1. Limited time only! Sign up for a free 30min personal tutor trial with Chegg Tutors
    Dismiss Notice
Dismiss Notice
Join Physics Forums Today!
The friendliest, high quality science and math community on the planet! Everyone who loves science is here!

Equality of functions

  1. Apr 2, 2009 #1
    1. The problem statement, all variables and given/known data
    Let U [tex]\subset[/tex] [tex]\Re^{2}[/tex] be open, and f,g: U [tex]\rightarrow[/tex] [tex]\Re[/tex] are continuous, and [tex]\int^{b}_{a}[/tex] ( [tex]\int^{d}_{c}[/tex] f(x,y) dy ) dx = [tex]\int^{b}_{a}[/tex] ( [tex]\int^{d}_{c}[/tex] g(x,y) dy ) dx for every rectangle [a,b] x [c,d] in U. Show that f = g.


    2. Relevant equations



    3. The attempt at a solution
    Can someone tell me if I'm approaching this problem correctly? I know both integrals exist because f,g are assumed to be continuous. If I apply the fundamental theorem of calculus twice to each integral I get F(b,d) - F(a,d) - F(b,c) + F(a,c) = G(b,d) - G(a,d) - G(b,c) + G(a,c) for every (b,d),(b,c),(a,d),(a,c) in U (so does this imply that F(x,y) = G(x,y)?) where d/dx(d/dy F(x,y)) = f(x,y) and d/dx(d/dy G(x,y) = g(x,y). Because F(x,y) = G(x,y) I can conlude that f(x,y) = g(x,y). Is this correct or am I way off?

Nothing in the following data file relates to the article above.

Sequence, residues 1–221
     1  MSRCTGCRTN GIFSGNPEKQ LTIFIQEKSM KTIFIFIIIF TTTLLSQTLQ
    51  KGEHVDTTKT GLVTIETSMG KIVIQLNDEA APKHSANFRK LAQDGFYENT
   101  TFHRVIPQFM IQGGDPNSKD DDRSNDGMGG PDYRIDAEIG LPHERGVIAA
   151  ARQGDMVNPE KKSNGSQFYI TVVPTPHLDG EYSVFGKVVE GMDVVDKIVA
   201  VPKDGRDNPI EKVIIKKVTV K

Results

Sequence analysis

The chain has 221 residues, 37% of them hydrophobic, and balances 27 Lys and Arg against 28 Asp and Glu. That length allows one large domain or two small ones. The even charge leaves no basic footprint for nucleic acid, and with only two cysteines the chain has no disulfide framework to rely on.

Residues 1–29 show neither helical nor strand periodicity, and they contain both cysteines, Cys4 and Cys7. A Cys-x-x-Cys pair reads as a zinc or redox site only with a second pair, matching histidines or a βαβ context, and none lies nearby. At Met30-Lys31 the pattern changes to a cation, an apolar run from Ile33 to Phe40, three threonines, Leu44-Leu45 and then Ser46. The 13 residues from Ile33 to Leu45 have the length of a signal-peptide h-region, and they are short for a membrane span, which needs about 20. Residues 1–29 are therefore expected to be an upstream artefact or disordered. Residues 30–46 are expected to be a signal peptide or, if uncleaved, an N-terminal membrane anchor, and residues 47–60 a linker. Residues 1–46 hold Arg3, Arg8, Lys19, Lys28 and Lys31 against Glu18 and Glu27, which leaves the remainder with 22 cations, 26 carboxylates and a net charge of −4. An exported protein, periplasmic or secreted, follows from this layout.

1. The problem statement, all variables and given/known data



    2. Relevant equations



    3. The attempt at a solution
     
  2. jcsd
  3. Apr 2, 2009 #2
    anyone?
     
  4. Apr 3, 2009 #3

    HallsofIvy

    User Avatar
    Staff Emeritus
    Science Advisor

    Suppose there exist [itex](x_0,y_0)[/itex] at which f and g are not equal:[itex]f(x_0,y_0)\ne g(x_0,y_0)[/itex] Take [itex]\epsilon= (1/2)|f(x_0,y_0)- g(x_0,y_0)|[/itex] and show that there exist some neighborhood of [itex](x_0,y_0)[/itex] in which |f(x,y)- g(x,y)|> [itex]\epsilon[/itex]. Integrate over a rectangle inside that neighborhood.
     
Know someone interested in this topic? Share this thread via Reddit, Google+, Twitter, or Facebook